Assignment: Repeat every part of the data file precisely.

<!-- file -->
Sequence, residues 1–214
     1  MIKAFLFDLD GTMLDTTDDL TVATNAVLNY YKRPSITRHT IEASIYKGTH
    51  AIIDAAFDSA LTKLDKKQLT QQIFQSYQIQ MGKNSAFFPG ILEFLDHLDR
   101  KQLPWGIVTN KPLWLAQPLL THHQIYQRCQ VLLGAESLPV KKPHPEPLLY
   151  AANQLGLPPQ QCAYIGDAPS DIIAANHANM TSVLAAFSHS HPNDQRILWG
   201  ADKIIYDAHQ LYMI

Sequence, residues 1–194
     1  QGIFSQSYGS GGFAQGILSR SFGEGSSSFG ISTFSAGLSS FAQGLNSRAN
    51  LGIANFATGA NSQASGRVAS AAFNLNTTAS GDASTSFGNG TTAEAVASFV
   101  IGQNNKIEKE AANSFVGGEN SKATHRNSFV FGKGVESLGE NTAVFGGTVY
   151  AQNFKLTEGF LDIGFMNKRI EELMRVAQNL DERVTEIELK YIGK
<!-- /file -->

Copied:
Sequence, residues 1–214
     1  MIKAFLFDLD GTMLDTTDDL TVATNAVLNY YKRPSITRHT IEASIYKGTH
    51  AIIDAAFDSA LTKLDKKQLT QQIFQSYQIQ MGKNSAFFPG ILEFLDHLDR
   101  KQLPWGIVTN KPLWLAQPLL THHQIYQRCQ VLLGAESLPV KKPHPEPLLY
   151  AANQLGLPPQ QCAYIGDAPS DIIAANHANM TSVLAAFSHS HPNDQRILWG
   201  ADKIIYDAHQ LYMI

Sequence, residues 1–194
     1  QGIFSQSYGS GGFAQGILSR SFGEGSSSFG ISTFSAGLSS FAQGLNSRAN
    51  LGIANFATGA NSQASGRVAS AAFNLNTTAS GDASTSFGNG TTAEAVASFV
   101  IGQNNKIEKE AANSFVGGEN SKATHRNSFV FGKGVESLGE NTAVFGGTVY
   151  AQNFKLTEGF LDIGFMNKRI EELMRVAQNL DERVTEIELK YIGK